Parent Photon Split into Two Daughter Photons
A high energy parent photon is split into two lower energy daughter photons. These photons become entangled in energy, and are in a superposition state. (Unit: 7)
Particle Annihilation
Annihilation is what happens when a particle meets its antimatter partner. (Unit: 10)
Periodic Table: A Canvas
And the canvas that we work with is the canvas of the periodic table. We have something like 92 different elements to play with. (Unit: 8)
Photon as Electromagnetic Wave
A photon, a particle of light, can be thought of as an electromagnetic wave with a particular oscillation frequency. (Unit: 5)
Photon Frequency and Excitement of Atoms
The probability that the atoms will be excited out of their ground state reaches a peak when the photons are tuned to exactly the right frequency. (Unit: 5)
Proton Collisions
When two protons collide, any particle with a mass smaller than the collision energy can be created. (Unit: 2)
Quantum Critical
CeCu6Au is "quantum critical" when it fluctuates between magnetic and metallic phases. Coleman wants to understand this kind of emergent behavior. (Unit: 8)
Quantum-Mechanical Magic Trick
A light pulse is extinguished in one part of space and then regenerated in a different location. (Unit: 7)
Quarks From the Vacuum
As two bound quarks are pulled apart, new quarks pop out of the vacuum. (Unit: 2)
Random Motion
Random motion of gas molecules—bottom up. (Unit: 9)
Redshift
When the spectral lines shift towards the red end of the spectrum, we infer that the wavelength has stretched. This is called a "redshift." (Unit: 11)
Refractive Index
Light is known to travel through the universe at a constant speed. But light can be slowed down, and is, everyday, in as simple a material as glass. (Unit: 7)
Rotational Entropy
Rotational entropy is related to the number of possible ways particles can be arranged in a structure. The greater the number, the greater the entropy. (Unit: 9)
Scanning Tunneling Microscope
An electric voltage is applied between the microscope tip and the sample. Measuring the current can reveal quantum mechanical features of the sample. (Unit: 6)
Scattering Particles
A combination particle that's a mixture of type A and type B can be turned into a pure type A or pure type B particle when it interacts with matter. (Unit: 2)
Slowing Light
Light slows down in a Bose-Einstein condensate. (Unit: 7)
Standard Model
The Standard Model of particle physics is the best theory that physicists have to describe these elementary particles and the forces that influence them. (Unit: 1)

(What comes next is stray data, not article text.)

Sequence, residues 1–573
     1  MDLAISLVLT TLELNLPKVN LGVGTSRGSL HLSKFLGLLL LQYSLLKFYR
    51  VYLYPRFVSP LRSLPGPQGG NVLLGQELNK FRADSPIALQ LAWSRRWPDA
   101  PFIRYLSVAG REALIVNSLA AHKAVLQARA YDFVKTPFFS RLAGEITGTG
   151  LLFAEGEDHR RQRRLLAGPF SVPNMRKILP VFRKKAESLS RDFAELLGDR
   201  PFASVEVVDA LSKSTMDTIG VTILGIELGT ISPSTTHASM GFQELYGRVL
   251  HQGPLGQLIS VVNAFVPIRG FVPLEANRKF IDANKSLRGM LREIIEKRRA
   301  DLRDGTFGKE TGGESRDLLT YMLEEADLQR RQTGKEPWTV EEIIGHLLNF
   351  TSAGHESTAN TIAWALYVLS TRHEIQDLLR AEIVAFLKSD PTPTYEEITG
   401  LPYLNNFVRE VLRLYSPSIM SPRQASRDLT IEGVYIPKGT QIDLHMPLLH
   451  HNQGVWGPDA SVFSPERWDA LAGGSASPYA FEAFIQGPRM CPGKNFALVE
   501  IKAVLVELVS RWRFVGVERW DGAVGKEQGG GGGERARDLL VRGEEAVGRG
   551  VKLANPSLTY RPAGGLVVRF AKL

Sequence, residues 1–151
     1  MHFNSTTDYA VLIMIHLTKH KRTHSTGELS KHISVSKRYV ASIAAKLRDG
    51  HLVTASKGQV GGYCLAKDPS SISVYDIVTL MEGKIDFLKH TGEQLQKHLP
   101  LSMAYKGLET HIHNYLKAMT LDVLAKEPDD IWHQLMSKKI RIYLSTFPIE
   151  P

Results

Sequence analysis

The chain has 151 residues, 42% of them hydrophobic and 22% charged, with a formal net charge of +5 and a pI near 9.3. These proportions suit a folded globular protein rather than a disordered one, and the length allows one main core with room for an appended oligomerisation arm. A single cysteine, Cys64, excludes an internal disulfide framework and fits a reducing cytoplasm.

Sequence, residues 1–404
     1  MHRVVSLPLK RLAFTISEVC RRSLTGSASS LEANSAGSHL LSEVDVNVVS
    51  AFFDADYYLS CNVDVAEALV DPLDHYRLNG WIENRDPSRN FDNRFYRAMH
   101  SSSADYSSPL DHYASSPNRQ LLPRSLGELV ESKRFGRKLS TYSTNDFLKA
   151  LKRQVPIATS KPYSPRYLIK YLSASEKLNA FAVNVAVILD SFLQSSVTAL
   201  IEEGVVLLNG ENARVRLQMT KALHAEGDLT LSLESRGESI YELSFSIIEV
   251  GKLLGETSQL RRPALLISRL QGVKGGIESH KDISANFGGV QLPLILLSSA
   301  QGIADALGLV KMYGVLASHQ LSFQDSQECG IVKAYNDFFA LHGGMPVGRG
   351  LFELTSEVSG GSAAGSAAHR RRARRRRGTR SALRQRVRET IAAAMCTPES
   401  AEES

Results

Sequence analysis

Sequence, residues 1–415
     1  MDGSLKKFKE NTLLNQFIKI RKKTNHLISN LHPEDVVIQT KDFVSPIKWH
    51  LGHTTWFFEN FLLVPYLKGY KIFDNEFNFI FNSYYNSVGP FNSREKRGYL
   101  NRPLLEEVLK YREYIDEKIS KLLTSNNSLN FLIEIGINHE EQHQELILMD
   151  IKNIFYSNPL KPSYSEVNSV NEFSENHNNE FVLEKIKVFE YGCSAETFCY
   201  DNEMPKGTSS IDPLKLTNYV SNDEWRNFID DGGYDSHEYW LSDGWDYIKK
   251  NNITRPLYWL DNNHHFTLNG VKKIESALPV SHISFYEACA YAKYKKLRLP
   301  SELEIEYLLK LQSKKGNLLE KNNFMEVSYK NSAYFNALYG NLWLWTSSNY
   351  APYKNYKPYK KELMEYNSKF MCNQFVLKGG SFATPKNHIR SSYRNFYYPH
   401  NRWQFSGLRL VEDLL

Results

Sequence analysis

Standard Model
The Standard Model, the best theory we have to describe the elementary particles and interactions, does not accommodate gravity. (Unit: 2)
Standard Model with Higgs Boson
First proposed in 1964, the Higgs boson plays a unique role in the Standard Model. It helps explain how fundamental particles obtain mass. (Unit: 1)
Standard vs. Super Conductors
In a typical copper cable, there's resistance. In a superconductor, when you send electrons in one end, they come out the other end with no energy loss. (Unit: 6)
Storing Light as Matter
Atoms that make up the condensate are storing the light as matter in a quantum superposition state. This opens up the door for quantum computation. (Unit: 7)
String Theory and Extra Dimensions
String theory proposes as many as seven extra spatial dimensions. (Unit: 4)
Superconductor Properties
Superconductors carry electrical current without resistance and are almost perfect diamagnets (a more fundamental aspect of their behavior), in that they can screen out external magnetic fields within a short distance. (Unit: 8)
Superconductor Properties
Superconductors are materials with two essential properties: They have zero resistance and expel magnetic fields. (Unit: 6)
Superfluid Fountain
A fountain of superfluid 4He. (Unit: 6)
Synchrotron Radiation
Synchrotron Radiation is generated as charged particles, that are moving near the speed of light, spiral around the lines of a magnetic field. (Unit: 10)
Taylor's Experiment 1
Like G.I Taylor, they placed their colloid, the fluid and the particles, inside a couette cell, which consists of a cylinder with another cylinder inside it. (Unit: 8)
Taylor's Experiment 2
When Pine and Gollub ran this experiment they thought that rotating the cylinder would shear the fluid, causing some particles to collide. (Unit: 8)
Three Flavors of Neutrinos
There are three different "flavors" of neutrinos in the Standard Model. (Unit: 1)
Timeline of Type I and Type II Superconductors
The first (Type I) superconductors were cooled at least to 30 Kelvin. In 1986, a new class of high-temperature superconductors (Type II) was found. (Unit: 6)
Top Quarks and Leptons
Top quarks decay into lighter particles, which decay into lighter particles. Physicists must trace back through the decay chain. (Unit: 2)
Trigger and ATLAS Detectors
The trigger filters 40 million events down to 200 every second, using a three step process involving different ATLAS detectors. (Unit: 2)
Type I and Type II Superconductors
Type I superconductors expel the magnetic field uniformly. Type II allow the magnetic field to penetrate in quantized packets called "vortices." (Unit: 6)
Vibrational Entropy
There are different kinds of entropy. Vibrational entropy describes the number of ways that a structure can flex or vibrate without breaking. (Unit: 9)
Virus Self-Assembly
In some viruses the capsid appears to be completely self-assembled. Understanding capsid self-assembly could present new ways to fight disease. (Unit: 9)
Vortices
Unpinned vortices can move, forming a regular pattern in the STM images. Pinned vortices are scattered irregularly throughout the image. (Unit: 6)
WIMP Interaction with Xenon
When a WIMP interacts with the xenon, it not only causes an initial burst of light, but it also ionizes the xenon atoms. (Unit: 10)